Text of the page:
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Ben Jones
Ben Jones, UK Lawyer
Category: Law
Satisfied Customers: 60579
Experience:  Qualified Solicitor
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I've had £1850 taken from my account by Avis. I have not

Customer Question

Hi, I've had £1850 taken from my account by Avis. I have not used Avis services. I have never rented a car from them or been in an Avis office.
Assistant: Where are you? It matters because laws vary by location.
Customer: Sorry I hadn't finished.
Assistant: What steps have you taken so far?
Customer: I initially thought my adult son had used my bank card with Avis however it later transpired following research that this had not happened. There is no proof how they have managed to get my card details. We are now 5 months from the date they took the money from my account. I went through their formal complaints procedure and they came back saying they would not refund the money. I then went to the BVRLA (Ombudsman for car rental companies), they concluded that Avis had advised them that the transaction was fraudulent/criminal but refused to give me further details as has Avis when I subsequently asked them. In desperation I have been working with the CAB who advised me to send a letter to Avis by recorded delivery explaining should they not provide me with a signed contract between them and I then they should refund the money as it was taken unlawfully. I had to give them 7 days to reply as I explained o would take them to the small claims court. I chased this today and they are not moving on their position. This means small claims court is next. Before I do this I wanted a solicitors point of view.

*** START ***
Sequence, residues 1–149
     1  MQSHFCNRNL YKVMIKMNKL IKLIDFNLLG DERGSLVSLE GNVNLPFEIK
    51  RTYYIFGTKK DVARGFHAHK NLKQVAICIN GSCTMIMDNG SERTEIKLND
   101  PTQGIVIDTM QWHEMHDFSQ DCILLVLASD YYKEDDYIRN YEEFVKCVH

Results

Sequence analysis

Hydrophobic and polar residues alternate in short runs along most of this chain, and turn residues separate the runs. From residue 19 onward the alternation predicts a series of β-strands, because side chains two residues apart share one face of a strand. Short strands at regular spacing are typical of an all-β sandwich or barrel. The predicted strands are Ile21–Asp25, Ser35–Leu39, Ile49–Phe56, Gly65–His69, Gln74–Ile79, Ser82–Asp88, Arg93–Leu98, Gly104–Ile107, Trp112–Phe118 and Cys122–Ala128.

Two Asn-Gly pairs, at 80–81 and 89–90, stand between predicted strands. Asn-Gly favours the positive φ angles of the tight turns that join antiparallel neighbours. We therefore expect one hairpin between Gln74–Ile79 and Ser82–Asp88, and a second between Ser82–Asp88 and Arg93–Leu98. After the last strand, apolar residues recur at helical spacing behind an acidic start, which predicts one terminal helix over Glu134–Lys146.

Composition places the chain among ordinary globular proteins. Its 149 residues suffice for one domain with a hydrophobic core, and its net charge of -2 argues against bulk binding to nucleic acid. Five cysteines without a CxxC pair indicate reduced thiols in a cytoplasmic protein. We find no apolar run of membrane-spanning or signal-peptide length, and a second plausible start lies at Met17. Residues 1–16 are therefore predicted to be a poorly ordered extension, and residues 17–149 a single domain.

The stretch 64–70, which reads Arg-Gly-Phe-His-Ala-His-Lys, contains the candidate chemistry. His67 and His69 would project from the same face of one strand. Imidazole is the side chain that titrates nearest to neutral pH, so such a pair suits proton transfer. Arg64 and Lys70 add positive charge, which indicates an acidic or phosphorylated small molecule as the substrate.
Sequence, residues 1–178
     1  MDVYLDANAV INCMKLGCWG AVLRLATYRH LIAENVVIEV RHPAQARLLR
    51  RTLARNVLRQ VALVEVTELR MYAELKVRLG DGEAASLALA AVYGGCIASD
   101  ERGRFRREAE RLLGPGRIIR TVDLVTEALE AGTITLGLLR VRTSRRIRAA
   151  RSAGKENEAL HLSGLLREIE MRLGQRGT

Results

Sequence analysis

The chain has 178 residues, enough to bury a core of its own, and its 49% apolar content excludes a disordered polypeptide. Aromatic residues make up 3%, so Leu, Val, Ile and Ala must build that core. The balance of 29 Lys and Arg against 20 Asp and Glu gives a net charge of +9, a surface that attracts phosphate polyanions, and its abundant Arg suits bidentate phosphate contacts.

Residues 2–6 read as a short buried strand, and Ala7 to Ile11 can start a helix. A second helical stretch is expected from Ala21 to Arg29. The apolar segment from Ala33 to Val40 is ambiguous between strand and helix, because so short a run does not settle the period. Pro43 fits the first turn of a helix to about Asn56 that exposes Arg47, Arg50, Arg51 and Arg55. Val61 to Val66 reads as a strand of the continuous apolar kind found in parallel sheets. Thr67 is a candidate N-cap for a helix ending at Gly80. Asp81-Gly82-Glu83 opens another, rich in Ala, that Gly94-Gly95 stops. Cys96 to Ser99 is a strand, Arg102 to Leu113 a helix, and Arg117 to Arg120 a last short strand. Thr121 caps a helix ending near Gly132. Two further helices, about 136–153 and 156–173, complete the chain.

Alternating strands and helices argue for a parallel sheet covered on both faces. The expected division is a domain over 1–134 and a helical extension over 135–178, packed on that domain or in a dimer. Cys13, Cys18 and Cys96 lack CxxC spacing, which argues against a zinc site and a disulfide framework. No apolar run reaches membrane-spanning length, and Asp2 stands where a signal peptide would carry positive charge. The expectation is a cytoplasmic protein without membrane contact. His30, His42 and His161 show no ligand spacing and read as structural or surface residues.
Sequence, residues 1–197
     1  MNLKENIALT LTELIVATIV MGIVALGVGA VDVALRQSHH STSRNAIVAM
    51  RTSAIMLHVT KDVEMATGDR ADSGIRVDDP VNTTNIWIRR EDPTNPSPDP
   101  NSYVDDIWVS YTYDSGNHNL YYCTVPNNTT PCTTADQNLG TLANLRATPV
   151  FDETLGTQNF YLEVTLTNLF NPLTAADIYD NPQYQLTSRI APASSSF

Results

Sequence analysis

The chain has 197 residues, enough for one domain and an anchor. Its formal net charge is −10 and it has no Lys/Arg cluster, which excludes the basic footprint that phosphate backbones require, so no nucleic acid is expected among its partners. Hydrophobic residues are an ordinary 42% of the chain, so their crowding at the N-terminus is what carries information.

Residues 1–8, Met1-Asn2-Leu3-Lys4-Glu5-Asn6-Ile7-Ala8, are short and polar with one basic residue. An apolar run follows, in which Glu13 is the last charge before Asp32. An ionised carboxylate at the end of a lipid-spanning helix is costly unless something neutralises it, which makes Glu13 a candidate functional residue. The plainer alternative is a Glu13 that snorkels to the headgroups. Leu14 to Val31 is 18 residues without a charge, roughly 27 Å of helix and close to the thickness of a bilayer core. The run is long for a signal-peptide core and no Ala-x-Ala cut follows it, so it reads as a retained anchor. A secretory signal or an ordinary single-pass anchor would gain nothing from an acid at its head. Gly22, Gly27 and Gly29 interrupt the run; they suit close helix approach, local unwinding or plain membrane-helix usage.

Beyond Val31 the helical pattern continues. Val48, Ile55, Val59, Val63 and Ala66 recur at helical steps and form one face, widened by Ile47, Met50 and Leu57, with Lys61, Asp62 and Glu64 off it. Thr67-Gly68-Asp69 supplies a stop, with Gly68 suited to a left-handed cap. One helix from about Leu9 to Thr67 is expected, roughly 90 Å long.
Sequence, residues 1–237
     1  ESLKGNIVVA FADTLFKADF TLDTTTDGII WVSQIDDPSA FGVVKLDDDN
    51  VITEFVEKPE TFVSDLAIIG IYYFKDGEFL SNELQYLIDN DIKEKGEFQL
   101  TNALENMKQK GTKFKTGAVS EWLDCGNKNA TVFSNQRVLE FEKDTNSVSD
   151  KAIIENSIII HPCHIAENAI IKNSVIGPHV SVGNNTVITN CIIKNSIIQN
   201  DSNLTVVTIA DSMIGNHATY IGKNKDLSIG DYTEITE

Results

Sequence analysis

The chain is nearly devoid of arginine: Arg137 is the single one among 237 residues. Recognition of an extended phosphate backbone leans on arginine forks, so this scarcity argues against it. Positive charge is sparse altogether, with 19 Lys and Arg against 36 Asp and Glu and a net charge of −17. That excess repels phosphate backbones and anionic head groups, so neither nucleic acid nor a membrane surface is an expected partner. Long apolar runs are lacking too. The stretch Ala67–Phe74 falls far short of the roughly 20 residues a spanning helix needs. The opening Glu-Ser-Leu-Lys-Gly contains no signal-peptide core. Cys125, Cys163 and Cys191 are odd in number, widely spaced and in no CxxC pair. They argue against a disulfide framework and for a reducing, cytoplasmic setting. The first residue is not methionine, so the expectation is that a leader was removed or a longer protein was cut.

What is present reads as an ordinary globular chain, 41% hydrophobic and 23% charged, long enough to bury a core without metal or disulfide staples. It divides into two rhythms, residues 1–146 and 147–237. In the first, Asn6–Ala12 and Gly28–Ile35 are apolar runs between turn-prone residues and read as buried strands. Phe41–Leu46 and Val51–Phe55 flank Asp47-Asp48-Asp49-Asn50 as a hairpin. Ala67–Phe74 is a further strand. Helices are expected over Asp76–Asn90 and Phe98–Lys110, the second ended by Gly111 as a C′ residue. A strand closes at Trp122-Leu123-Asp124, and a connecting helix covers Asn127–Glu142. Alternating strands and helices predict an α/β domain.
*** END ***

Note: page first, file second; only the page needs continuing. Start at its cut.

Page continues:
Assistant: Anything else you want the Lawyer to know before I connect you?
Customer: I don't think so at the moment.
Submitted: 10 days ago.
Category: Law
Customer: replied 10 days ago.
I live in Hertfordshire.
Expert:  Ben Jones replied 10 days ago.

Hello, my name is***** am a qualified lawyer and I will be assisting you with your question today.

Expert:  Ben Jones replied 10 days ago.

Do you have any idea how they may have gotten your card details?

Customer: replied 10 days ago.
I originally thought my Son used my card as I thought that I saw a transaction prior to this transaction with Avis. I do occasionally allow my 22 year old son deposit money into my account and use the card for one transaction. I was advised the make a complaint to the Financial Services Ombudsman, I thought I'd check when the original transaction was but there was no such transaction. I double checked and asked my bank to check. There is still a possibility that's how they obtained the card details however he denies this, they have no evidence as far as they will tell me and there is now no evidence of a prior transaction.
Expert:  Ben Jones replied 10 days ago.

Thank you. The main issue is clearly whether the charges were genuine, in a sense that they reflected a service they had provided you with, or some other contractual right to deduct it (e.g. to cover damage to a rental vehicle). Assuming there were no genuine grounds on which the amount was charged, you are of course entitled to ask for its refund and pursue them further in the event they refuse.